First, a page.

"Hey Daydreamer" was produced with the collaboration of her husband Darren Seltmann (The Avalanches), and is Sally’s most fully realized work to date, with pervasive melodies and lush instrumentation intermingling in bright, vibrant environments, as seen in this video directed by Isobel Knowles.

Sally is well-known for having co-written Feist’s hit “1,2,3,4”, and is also a member of Seeker Lover Keeper.

3 Notes

Random red swings

What started as a fun experiment in Austin, Texas has turned into a grassroots project to hang this common playground fixture in surprising places all around the world.

Walk under a bridge in Austin, Texas, past a temple in India, or down a street in Thailand, and you’ll find a charming red swing (assuming it hasn’t been taken down by city officials).

Each is one of more than 200 swings that volunteers have hung around the world as part of the Red Swing Project.

The project started in 2007 when an architecture student in Austin was asked to design an urban intervention for a class.

"My idea was just to put out swings - like graffiti, just go out at night and see what would happen

"It was always meant to be this grassroots, anonymous initiative… magically discovering the swing and not knowing who put it there is part of the experience."

- Andrew Danziger

He started with five swings in different parts of the city.

Right away, it was clear that each swing would lead a different life. While trying to hang one by the university campus, Danziger was stopped by police, who reluctantly let him continue. The next day, the swing was cut down.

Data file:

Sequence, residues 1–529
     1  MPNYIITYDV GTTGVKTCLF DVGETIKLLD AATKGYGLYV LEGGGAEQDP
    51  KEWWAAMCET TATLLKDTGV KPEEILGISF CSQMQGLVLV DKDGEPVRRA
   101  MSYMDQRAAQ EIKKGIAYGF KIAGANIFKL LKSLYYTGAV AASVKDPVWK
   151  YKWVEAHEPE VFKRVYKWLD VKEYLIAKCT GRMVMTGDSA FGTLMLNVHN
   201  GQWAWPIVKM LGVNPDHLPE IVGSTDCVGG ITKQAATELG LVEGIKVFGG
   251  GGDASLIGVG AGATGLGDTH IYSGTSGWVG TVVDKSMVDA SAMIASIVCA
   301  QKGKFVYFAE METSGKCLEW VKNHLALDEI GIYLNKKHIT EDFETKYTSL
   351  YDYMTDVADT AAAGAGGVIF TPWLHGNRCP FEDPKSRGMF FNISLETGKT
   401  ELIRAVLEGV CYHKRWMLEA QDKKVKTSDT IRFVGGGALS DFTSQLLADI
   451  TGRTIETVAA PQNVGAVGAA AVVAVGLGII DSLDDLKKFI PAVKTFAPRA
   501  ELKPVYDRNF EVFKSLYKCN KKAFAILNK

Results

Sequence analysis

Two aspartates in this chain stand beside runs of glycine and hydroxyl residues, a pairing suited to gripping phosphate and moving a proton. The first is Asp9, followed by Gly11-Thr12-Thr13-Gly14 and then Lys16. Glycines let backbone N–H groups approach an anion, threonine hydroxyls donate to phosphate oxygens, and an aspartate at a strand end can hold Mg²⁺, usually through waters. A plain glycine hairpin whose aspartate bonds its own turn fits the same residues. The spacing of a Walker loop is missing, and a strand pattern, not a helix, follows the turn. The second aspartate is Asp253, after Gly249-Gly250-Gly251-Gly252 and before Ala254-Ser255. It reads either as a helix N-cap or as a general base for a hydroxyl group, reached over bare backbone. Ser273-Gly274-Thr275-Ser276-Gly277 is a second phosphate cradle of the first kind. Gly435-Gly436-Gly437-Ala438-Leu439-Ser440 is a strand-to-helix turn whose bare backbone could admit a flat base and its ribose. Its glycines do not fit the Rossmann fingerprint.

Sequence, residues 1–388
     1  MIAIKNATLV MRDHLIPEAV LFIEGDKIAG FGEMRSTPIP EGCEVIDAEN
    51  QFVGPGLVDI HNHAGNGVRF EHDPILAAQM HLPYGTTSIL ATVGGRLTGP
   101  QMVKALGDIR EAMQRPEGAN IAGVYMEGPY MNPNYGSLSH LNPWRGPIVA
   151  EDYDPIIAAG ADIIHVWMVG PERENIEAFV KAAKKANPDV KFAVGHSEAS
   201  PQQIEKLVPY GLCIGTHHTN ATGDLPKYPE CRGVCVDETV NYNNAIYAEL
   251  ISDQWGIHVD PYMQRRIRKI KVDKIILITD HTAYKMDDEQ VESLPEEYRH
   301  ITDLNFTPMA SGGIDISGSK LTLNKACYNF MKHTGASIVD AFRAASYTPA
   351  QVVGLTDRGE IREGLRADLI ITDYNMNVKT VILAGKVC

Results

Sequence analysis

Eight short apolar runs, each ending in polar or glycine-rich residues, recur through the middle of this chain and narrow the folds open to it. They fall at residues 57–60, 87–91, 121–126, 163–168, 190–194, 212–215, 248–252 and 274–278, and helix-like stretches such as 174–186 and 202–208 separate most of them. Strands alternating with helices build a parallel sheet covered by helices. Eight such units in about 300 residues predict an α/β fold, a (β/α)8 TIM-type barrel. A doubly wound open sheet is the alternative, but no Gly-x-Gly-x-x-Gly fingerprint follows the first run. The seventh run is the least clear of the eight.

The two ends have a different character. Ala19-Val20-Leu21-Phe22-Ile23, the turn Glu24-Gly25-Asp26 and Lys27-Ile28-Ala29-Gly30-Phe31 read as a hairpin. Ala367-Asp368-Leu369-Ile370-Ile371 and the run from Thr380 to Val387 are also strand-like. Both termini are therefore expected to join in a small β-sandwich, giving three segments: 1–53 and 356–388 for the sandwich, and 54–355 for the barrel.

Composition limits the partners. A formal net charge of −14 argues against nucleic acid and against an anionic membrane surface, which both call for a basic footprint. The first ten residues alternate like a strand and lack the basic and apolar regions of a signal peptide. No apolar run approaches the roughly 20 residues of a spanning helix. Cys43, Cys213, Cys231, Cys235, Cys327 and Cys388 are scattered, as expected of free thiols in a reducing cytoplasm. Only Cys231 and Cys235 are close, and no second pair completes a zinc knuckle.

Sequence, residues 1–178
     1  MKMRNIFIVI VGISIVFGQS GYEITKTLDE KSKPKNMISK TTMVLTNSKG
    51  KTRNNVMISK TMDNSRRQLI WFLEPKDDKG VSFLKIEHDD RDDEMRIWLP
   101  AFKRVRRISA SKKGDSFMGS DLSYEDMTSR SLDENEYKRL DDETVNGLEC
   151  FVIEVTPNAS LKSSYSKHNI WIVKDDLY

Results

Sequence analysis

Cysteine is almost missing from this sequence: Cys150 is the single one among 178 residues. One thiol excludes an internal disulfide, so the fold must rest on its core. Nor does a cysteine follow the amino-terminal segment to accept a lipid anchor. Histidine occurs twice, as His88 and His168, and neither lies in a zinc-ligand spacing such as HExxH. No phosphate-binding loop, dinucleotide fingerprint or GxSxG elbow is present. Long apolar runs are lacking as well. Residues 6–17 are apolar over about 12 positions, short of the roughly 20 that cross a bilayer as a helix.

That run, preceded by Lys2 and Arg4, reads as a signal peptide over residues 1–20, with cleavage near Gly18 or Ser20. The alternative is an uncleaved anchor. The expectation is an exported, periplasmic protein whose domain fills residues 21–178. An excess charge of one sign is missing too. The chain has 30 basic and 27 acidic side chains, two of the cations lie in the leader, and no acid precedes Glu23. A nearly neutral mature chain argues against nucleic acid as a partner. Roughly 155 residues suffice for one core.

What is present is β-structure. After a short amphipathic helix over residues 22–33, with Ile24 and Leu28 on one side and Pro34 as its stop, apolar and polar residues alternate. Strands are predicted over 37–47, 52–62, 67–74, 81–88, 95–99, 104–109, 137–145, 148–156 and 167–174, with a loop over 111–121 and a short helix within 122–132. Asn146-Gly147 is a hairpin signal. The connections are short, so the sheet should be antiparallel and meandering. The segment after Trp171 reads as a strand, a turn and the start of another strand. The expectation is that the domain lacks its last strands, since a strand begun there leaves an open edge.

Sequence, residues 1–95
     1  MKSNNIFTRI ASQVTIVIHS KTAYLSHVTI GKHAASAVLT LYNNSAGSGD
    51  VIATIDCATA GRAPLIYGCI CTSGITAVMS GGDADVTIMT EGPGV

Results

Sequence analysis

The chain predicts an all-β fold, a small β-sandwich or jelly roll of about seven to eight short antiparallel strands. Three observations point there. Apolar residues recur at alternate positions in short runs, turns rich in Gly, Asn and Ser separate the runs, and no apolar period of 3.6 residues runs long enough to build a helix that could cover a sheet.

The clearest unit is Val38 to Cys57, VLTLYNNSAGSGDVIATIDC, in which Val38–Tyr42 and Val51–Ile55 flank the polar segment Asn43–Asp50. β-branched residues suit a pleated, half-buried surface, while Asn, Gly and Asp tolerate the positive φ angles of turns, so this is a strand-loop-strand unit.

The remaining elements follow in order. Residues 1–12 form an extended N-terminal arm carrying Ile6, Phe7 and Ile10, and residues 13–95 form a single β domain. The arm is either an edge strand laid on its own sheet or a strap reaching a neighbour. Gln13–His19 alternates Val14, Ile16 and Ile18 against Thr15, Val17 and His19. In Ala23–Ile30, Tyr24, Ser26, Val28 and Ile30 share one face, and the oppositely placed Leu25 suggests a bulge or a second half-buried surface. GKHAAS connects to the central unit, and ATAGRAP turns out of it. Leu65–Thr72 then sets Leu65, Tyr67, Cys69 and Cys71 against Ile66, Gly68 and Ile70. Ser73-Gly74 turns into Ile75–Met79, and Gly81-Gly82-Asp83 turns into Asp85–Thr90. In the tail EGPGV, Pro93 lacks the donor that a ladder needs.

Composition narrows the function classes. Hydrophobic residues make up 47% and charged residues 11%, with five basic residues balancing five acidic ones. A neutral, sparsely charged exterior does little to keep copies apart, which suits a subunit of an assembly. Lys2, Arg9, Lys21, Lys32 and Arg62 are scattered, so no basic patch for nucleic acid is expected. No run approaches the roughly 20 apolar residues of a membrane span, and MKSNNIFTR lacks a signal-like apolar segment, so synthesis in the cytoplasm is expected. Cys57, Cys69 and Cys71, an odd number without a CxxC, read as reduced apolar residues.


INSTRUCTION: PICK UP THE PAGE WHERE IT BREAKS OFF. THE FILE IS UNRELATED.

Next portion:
But across town, in a vacant lot next to a bus stop in a lower income neighbourhood, a swing that he hung the same night stayed up for five years.

What a lovely idea.

@paulrgn is a regular contributor to Found Things.

Notes

Check out these amazing collages by Flickr artist Adrian Sayago

We see a lot of artwork in our day-to-day, but it is rare that I see so many images in one sitting that I really want up on my walls.

I just adore this work.

Perello currently lives in Valencia.

You can see much, much more on Flickr.

Notes

1,764 finds down… we’re three years old today!
Sweet :) I’m off to eat cake.

1,764 finds down… we’re three years old today!

Sweet :) I’m off to eat cake.

7 Notes

A method to find balance
Despite the insipid title of this post, work-life balance is a bit of a myth.
Sure, we work too much, don’t have time for all the other things we want to do, are always tired, eat convenience food or comfort food rather than nutritious or nourishing food, never have time for solitude… but that’s the life we want, right?
OK, maybe it needs a bit of readjusting. Work and life and learning and relationships and health are all really the same thing, and so “balance” is perhaps the wrong word. But adjusting our lives to our aspired priorities is not a bad thing.
A friend recently asked me how I balance my personal lives and all my projects, and it made me pause and think. And that pause, and the thinking, is really the key to it all, I discovered.
So here’s the method I use -
Pause regularly. In our lives, we are so busy and caught up in what we’re doing that we have no space for thinking. I build regular pauses into my life, so that I have some space for thought. What kind of pauses? I use morning meditation, drinking coffee in the morning with my notebook, my morning shower, a walk alone, tea or a run or other meeting with my wife or a friend, as space for thinking about my life. Pause regularly to create space.
Zoom out. When you take a pause, zoom out from the close-up view, so you can look at the big picture. What are you doing with your life? What kind of person do you want to be? Are you making decisions in the aggregate? What are your priorities? And are you living those priorities? You don’t need to think about all of these things during each pause, but use the pauses for this kind of thinking.